Thursday, June 21, 2007

What the Earth needs now is Love

***Caution: long and overwhelming sentimental and indulgent..***

I am feeling terribly wistful and nostalgic these days. It makes me want to re-read all my favourite books, only I don’t have time. So I went in search of what I love most about my favourite books and thought I would share them with you. Call it my “10-minute Love Fix” if you will. If you could use a few minutes of romance, read on… and let me know what your favourite romantic books are, will you? I could use a really good I haven't read a million times before, that is.

5. Pride and Prejudice by Jane Austen

Sadly, I have only lately come to a true appreciation of Austen’s novels. I know, I know! How could someone like me NOT like them in the past? What can I say? I was young and foolish. After seeing Colin Firth speak these words, though, my heart was lost..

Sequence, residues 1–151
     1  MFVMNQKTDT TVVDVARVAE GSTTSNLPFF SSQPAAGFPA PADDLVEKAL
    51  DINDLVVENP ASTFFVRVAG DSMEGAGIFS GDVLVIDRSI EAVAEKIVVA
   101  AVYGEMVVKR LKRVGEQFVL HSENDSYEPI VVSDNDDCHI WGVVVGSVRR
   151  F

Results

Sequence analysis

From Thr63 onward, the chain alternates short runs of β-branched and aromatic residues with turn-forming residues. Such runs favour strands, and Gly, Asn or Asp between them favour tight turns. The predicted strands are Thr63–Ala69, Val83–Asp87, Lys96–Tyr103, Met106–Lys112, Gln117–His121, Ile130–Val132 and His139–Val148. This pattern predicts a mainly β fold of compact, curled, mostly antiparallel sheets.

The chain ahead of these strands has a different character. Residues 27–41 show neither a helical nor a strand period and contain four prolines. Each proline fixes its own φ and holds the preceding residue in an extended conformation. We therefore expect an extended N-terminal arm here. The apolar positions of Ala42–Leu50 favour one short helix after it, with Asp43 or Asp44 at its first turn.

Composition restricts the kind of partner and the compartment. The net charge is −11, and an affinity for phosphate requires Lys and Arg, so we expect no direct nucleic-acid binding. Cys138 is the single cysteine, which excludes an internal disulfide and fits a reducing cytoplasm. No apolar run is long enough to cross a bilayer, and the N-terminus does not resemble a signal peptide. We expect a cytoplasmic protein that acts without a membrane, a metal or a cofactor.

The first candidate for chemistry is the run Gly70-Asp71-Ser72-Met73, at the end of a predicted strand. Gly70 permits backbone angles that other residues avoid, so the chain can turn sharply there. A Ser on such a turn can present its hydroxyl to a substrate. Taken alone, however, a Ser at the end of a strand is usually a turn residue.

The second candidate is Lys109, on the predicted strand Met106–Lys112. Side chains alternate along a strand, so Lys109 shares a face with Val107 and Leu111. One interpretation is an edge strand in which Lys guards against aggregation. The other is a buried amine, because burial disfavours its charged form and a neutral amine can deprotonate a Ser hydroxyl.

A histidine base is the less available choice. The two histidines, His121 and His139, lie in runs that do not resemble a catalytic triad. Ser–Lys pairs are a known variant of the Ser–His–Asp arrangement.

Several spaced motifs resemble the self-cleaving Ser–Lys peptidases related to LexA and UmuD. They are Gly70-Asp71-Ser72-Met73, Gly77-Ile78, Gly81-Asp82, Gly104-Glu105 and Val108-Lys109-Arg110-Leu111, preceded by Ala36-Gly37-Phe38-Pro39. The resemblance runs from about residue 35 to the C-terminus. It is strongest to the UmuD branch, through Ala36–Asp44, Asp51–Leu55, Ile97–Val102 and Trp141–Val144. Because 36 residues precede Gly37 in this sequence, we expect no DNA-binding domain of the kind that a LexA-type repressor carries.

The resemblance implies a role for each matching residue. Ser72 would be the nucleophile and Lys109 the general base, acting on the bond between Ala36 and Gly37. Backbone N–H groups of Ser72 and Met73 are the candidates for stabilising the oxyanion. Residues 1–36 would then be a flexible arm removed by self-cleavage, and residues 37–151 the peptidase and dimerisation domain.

``If you will thank me,'' he replied, ``let it be for yourself alone. That the wish of giving happiness to you might add force to the other inducements which led me on, I shall not attempt to deny. But your family owe me nothing. Much as I respect them, I believe I thought only of you."

'Elizabeth was too much embarrassed to say a word. After a short pause, her companion added, ``You are too generous to trifle with me. If your feelings are still what they were last April, tell me so at once. My affections and wishes are unchanged, but one word from you will silence me on this subject for ever."